Speakers & Musicians Announced

We are proud to announce that the Women’s March on Austin will go beyond just marching. Our team has secured advocates, artists, and thought leaders from across the state for an emotional and uplifting day. The program will include inspiration from former Senator Wendy Davis, Representative Senfronia Thompson, motivational speaking sensation Lizzie Velasquez, award winning singer/songwriter Gina Chavez, and showstopping Tameca Jones. Immediately following the march through roughly 3:30pm, the program will take place below the Capitol steps. Saturday will be an inspiring and activating experience- we look forward to sharing the day with you!

Sister Marches Press Release

Women’s Marches Planned for all 50 States and More Than 40 Other Global Cities Grassroots Efforts from Sydney to Atlanta Could Top 1 Million Participants Organizing for Freedom and Democracy for All 

BOSTON, Jan. 9, 2017 – The Women’s March on Washington has inspired nearly 300 other ‘sister marches’ to take place on Jan. 21. All 50 states and Puerto Rico are confirmed to have at least one grassroots-led march on that day, as well as 55 global cities on six continents, from Tokyo to Sydney, Kenya to Paris to Bogotá.

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Austinites travel to Washington for Women’s March

The Women’s March on Washington has inspired other sister marches across the country and abroad, including in Texas cities such as Austin and Brownsville. About 20,000 people are expected at the Women’s March on ATX, according to lead organizer Melissa Fiero. Buses from cities across the state will be bringing people to join the march at noon Jan. 21 at the south grounds of the Capitol.

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Sign Parties, Ideas, Dos & Don’ts

If you can’t make it to one of those get your friends together on January 7th for Sign Saturday! Share photos from your events with us with #marchonaustin on Twitter, Instagram, and Facebook


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Women’s March on Washington: a guide to the post-inaugural social justice event

More than 200,000 people are expected to participate in a mass demonstration the day after Donald Trump’s inauguration, the Women’s March on Washington. Since the idea first emerged with a vision to take over the Lincoln Memorial in the days after the election results, plans have shifted, developed and expanded worldwide.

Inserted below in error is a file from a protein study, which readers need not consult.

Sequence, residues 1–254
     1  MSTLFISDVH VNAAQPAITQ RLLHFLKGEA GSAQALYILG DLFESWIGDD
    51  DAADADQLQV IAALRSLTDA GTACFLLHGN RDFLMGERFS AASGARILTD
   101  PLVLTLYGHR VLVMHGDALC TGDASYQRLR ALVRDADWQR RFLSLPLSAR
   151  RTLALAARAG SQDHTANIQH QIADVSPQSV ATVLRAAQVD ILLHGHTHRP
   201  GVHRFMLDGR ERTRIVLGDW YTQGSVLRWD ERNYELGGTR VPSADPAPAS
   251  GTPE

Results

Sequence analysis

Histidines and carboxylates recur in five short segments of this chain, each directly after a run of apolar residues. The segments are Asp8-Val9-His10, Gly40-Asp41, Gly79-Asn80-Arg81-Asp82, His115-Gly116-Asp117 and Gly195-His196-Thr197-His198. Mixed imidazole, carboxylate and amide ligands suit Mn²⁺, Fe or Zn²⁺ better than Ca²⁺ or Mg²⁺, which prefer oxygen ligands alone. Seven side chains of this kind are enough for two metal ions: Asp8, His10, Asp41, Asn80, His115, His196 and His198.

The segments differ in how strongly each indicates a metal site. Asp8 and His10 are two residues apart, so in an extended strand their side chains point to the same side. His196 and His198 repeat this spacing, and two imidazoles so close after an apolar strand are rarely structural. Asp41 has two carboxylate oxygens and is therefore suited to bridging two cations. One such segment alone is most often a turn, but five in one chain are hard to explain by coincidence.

Here’s what you need to know about protest plans on 21 January.

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The Call for Unity in the 2017 Women’s March on Washington and Austin


The Call for Unity in the 2017 Women’s March on Washington and Austin:
Women of Color, We Cannot Do This Without You!
Dr. Mary Kaye N. Johnson

“Are we sleeping? Are we awake? Are we daydreaming? Are we choosing to ignore what is transpiring around and within us? Where is our focus? What are the matters of the collective heart? What will we do with the hurt? Where do we direct our harvested anger? How do we unify and ignite the fire of change? When do we put our pride aside? Shall we ever truly get out of our own way and give the people a chance to overcome?”
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#WhyIMarch: Looking Ahead To The Women’s March On Washington

Author Jennifer Rand shares why she marches…

“… about ten days after the election, something occurs to me:  I simply cannot allow myself to accept President-Elect Trump as the new normal.  I realize I cannot avoid news for the next four years.  I cannot check out and bury myself in a bubble-like cocoon.  Instead, I know that I must do what we women have had to do periodically since the beginning of the United States of America:  acknowledge a setback of monumental proportions, pick ourselves up, dust ourselves off, and forge ahead for the fight of a lifetime.  In other words, I forced my eyes to open wide, kind of like Malcolm McDowell in A Clockwork Orange, and willed them to gaze purposefully into the future.”

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